MarcSpitzTweeMarc Spitz’s Poseur recalled his salad days as a downtown Manhattan music writer. But his new book kicks off in Brooklyn – and specifically at the Brooklyn Flea – because, you see, it is a history of twee.

You could define the Twee Tribe as the “hipster elite” that’s ruining America. But Twee: The Gentle Revolution in Music, Books, Television, Fashion and Film describes the Twee Party in more flattering terms: its multigenerational members exalt beauty over ugliness, childhood and innocence over adulthood, nerd chic over conventional “cool,” and intellectual curiosity over bullying. Think coffee mugs etched with owls, probiotic hot sauce, and mason-jar tops with built-in straws, to name some of the Brooklyn Flea items Spitz singles out.

As we paged through this history of twee culture from the 1940s to the present, we were inspired to do the most twee thing possible: we broke out our Trapper Keeper and, using our 4-color pen, created an index for the book. See below for a list of Twee Tribe chieftains and their work. Page numbers refer to the iBook (after all, Steve Jobs was twee, according to Spitz: his utopian, design-driven vision tapped into “a sort of scale model of the current ‘Brooklyn’ in which Mose Allison, Animal Collective, and Drake live in harmony in the cloud”).

Anderson, Wes
            as the household name that made Twee a movement, p. 261
            as standing above the haters, “his head far too high in the clouds to even hear or acknowledge them,” p. 281

Automatic for the People
            REM’s “last gasp of Twee friendliness,” p. 178

Baumbach, Noah
            as “the poster child for the bedroom scholar who, like Morrissey and Stuart Murdoch, formulated a stance strictly by absorbing and filtering other artists’ work,” p. 259

Beat Happening
            “lyrics about wearing pajamas, going on picnics, climbing trees, and having crushes,” p. 194

Belle and Sebastian (see also Isobel Campbell)
            as “a Twee superband that personified the new Brooklyn, ” p. 127
            as “the superstars of Twee, especially for the kids of the Internet age,” p. 230
            as having “unapologetic preciousness” that “inspired the kind of hate and backlash that the Smiths faced,” p. 241

Birbiglia, Mike, p. 334

Blume, Judy
            as “the queen of Twee Tribe youth-lit,” p. 109

            Jean-Paul Belmondo as “the first Twee leading man; godfather to everyone from Hoffman and Bud Cort to Zach Braff, Jason Schwartzman, Michael Cera, and Jonah Hill,” p. 80
            Jean Seberg’s wardrobe as “the big bang of female Twee fashion—striped shirts, trousers, and Mary Janes with no socks—but it’s the hair that is most atomic and eternal,” p. 81

Brooklyn (see also Brooklyn Flea)
            as “our greatest export to the world right now, the way “Hollywood” was a half century ago and Silicon Valley was three decades later,” p. 16
            as “embracing artists and objects once-arcane and niche, all of which can be grouped under the vintage, transparent plastic umbrella of the often pejorative term Twee,” p. 7
            as “not just a borough of New York City but rather an idea, an aesthetic, a selling device, an industry, and a dream of some kind of global Narnia where everyone has the right books, clothes, shoes, records, cookies, and pickles. Everyone is young and most of the young are Twee,” p. 10
            as a “blank slate where musicians like [Zach] Condon [of Beirut] could build their own universe as they envisioned it, a kind of new “Old New York” that suited their romantic notions and didn’t have the peer pressure and the coked-up pace of Manhattan,” p. 330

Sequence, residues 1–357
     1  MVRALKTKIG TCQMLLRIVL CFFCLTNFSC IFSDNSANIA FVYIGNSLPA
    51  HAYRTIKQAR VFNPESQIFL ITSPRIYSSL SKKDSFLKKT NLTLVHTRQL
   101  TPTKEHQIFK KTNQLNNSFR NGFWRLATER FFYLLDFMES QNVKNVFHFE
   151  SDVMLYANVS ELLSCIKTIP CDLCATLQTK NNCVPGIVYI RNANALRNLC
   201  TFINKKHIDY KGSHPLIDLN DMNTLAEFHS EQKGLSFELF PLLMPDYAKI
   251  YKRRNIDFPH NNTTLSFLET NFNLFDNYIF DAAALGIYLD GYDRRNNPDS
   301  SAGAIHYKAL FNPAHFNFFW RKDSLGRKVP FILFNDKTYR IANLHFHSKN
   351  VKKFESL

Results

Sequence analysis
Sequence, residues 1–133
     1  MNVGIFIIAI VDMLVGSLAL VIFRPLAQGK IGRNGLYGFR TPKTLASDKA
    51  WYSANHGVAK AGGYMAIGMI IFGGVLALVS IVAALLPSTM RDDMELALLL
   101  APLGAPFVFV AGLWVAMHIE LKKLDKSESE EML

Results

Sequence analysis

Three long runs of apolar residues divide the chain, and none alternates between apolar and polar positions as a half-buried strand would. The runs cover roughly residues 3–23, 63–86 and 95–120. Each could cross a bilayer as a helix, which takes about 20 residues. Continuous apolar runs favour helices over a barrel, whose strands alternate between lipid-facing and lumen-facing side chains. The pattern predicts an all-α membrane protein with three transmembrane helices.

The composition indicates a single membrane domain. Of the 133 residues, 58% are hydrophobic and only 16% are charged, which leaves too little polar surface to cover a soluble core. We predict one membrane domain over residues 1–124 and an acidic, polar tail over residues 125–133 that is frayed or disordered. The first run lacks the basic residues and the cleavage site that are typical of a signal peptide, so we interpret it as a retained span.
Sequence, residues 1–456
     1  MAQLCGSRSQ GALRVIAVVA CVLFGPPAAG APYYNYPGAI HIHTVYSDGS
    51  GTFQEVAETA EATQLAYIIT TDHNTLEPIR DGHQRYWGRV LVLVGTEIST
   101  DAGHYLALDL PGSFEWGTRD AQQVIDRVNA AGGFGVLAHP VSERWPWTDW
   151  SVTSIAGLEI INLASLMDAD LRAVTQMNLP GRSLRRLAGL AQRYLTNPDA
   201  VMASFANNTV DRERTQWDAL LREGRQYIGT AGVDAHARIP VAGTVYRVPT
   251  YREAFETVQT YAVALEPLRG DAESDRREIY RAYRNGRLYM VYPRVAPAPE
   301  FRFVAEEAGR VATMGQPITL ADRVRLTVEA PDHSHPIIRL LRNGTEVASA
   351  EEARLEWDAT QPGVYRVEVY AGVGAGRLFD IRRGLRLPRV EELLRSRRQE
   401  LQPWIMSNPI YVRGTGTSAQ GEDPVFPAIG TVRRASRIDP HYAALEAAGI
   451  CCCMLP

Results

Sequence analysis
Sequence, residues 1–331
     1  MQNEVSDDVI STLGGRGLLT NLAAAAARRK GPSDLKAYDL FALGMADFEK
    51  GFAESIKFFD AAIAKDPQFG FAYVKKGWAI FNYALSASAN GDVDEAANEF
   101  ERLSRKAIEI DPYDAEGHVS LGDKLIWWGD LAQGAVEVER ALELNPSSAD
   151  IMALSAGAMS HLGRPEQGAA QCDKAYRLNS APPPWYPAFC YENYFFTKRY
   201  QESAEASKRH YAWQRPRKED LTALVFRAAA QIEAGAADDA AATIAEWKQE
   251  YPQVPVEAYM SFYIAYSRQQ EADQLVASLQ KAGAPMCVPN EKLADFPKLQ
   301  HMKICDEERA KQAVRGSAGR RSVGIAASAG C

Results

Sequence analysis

Brooklyn Flea
            Style at: “mustaches, some waxed and twisted into spiny points, lumberjack beards, little makeup, “hair in the pixie style that suggests Jean Seberg,” bangs that evoke Anna Karina, Julie Christie, and other ’60s film stars, vintage granny dresses with Doc Martens and a discreet amount of black eyeliner,” p. 9

Brown, Charlie
            as “Hannah Horvath, a half century beforehand; a model for Generation Y and, I suppose, even Z as he inhabits a postwar baby boomer realm,” p. 70

Bujalski, Andrew
            as godfather of mumblecore and “a modern, intellectual wallflower, with shaggy hair, big glasses, and inherent shyness,” p. 300

Buzzcocks, The
            “gleefully camp,” p. 133

            as “a sound (jangly pop, sweet vocals, dreamy lyrics with a 1960s bent),” but also “a certain type of haircut (the Jean Seberg, of course, for women; the David Crosby Byrds fringe for men), T-shirt (Warhol Factory–style striped), outerwear (motorcycle jacket anorak),” p. 202

Campbell, Isobel (see also Belle and Sebastian)
           as  “that Twee fashion archetype, indebted to the Nouvelle Vague heroines and still mimicked by a few thousand young women every year to this day: a well-read, cultured, and liberated woman who could turn on a dime and be girlish without pushing aside her integrity as a musician or her feminine strength,” p. 234

Capote, Truman
            as affecting a “a sort of untamable ‘prodigy chic,’ often portraying himself as much younger and more boyish than he actually was in an effort to inspire wonder over his already highly sophisticated and detailed writing,” p. 66

Clueless, p. 253

Cobain, Kurt
            “rock and roll’s own Little Prince figure,” p. 216
            “tending his pets, smelly turtles and rabbits,” p. 217
            juvenile fascination with organs, sex, fluids, p. 218
            “may have briefly once lived, like a Dungeons & Dragons troll, under a bridge,” p. 218

Coppola, Sophia
            as “the slickie of her day, someone who was fun to hate on and as far from an underdog as possible,” p. 271

Costello, Elvis
            as an “angry young man who didn’t wear the leather motorcycle jacket, did not seem to trust glee at all,” p. 138

Collins, Edwyn (see also Orange Juice)
            as wearing “flannel shirts, New Wave sport coats, and tapered trousers,” p. 165

Crosley suitcase turntables, p 33